Remakes are a tricky thing to pull off, and as anyone who has seen the 1998 remake of Alfred Hitchcock’s “Psycho” will tell you, doing a carbon copy of the original is always a recipe for disaster. However, just shifting the setting to another culture on the other side of the world helps. “Brothers”, Bollywood’s remake of 2011’s “Warrior”, avoids falling into that trap, ultimately resulting in a remake that both stands on its own and which proves surprisingly effective in equaling its American ancestor.
Bollywood star Akshay Kumar portrays David Fernandes, a high school physics teacher who enters a winner-take-all MMA tournament for the sake of his ailing daughter, only to find himself competing against the brother that he holds a bitter grudge against, Monty, played by Sidharth Malhotra. Jackie Shroff steps into the role of the sibling’s widowed father, Gary, with his deceased wife Maria portrayed in flashbacks by Shefali Shah, while Jacqueline Fernandez appears in the role of David’s wife Jenny.
Rounding out the cast are the opponents David and Monty face in the tournament – pro-wrestlers Shad Gaspard and Conan Stevens as heavy-hitters Ronnie Cross and Luca, “Bloodsport II” and “John Wick” star Daniel Bernhardt as Max Potter, stunt performer Chan Griffin in the role of Chinese Shaolin fighter Tenzin Yana, and legendary Dutch superkicker Ron Smoorenburg in the role of Italian contender “The Hammer”.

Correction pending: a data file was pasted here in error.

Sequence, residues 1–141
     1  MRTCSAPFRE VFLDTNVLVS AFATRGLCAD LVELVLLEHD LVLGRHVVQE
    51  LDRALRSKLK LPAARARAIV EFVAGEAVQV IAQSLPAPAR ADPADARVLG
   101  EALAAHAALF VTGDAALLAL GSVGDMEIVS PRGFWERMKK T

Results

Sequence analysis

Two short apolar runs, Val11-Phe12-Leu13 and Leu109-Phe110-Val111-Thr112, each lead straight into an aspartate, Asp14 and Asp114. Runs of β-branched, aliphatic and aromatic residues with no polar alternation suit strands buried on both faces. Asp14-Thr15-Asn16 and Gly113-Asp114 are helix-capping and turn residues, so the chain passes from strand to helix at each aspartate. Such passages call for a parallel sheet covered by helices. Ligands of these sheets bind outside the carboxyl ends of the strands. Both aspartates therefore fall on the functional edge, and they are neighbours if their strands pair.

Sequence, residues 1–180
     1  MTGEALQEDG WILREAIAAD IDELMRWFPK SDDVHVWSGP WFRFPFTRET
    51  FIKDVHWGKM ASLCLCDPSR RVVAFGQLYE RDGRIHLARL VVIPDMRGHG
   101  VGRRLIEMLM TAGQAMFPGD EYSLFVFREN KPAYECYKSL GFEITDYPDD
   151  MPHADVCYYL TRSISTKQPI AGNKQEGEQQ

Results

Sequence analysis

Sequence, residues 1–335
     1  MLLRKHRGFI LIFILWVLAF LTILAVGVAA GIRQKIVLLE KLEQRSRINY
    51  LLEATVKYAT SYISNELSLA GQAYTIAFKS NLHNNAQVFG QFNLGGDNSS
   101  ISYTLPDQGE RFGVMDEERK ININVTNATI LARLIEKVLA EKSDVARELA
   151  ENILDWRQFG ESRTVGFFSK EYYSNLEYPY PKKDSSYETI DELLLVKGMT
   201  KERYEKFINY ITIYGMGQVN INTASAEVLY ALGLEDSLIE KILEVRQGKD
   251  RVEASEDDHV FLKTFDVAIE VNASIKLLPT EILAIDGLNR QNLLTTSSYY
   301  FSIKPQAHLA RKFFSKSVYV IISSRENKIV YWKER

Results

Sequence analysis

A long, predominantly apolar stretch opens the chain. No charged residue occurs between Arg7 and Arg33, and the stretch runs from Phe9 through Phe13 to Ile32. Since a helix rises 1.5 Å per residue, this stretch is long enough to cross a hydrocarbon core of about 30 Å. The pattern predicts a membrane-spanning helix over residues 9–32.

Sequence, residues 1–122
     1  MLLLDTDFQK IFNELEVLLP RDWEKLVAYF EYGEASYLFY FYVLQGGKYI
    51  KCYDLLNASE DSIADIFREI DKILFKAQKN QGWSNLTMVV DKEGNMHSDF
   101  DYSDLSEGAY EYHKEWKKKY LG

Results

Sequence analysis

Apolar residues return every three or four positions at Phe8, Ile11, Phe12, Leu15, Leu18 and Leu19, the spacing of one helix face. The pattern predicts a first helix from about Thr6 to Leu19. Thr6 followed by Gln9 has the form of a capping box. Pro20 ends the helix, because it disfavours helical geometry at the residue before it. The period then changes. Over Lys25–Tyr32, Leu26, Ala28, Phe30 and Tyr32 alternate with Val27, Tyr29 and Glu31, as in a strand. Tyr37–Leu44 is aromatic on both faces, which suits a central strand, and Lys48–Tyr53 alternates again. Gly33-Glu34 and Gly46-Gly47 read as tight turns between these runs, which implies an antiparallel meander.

High school physics teacher David Fernandes has made every effort he can to distance himself from his father Gary and illegitimate half-brother Monty, who was born from one of Gary’s extra-marital affairs. Despite this, David’s mother Maria welcomed Monty as her own son and tried to keep the family together. However, Gary’s alcoholism proved too great an impediment to her efforts, ultimately leading to Maria’s accidental death after a misplaced slap from Gary one terrible night.
Following Gary’s release from prison many years later, he is able to make amends with Monty, but David wants nothing to do with him, and he holds a further grudge towards Monty, believing him to be the catalyst of Maria’s demise. However, David and Monty’s paths are destined to converge in India’s first major MMA competition, Right 2 Fight. Monty earns his spot in the tournament after an online video of him displaying his skills in an underground fight turns him into a national celebrity, while David sees the prize money that will go to the winner of Right 2 Fight as his last shot to save his ailing daughter, who is afflicted with a dire kidney disease.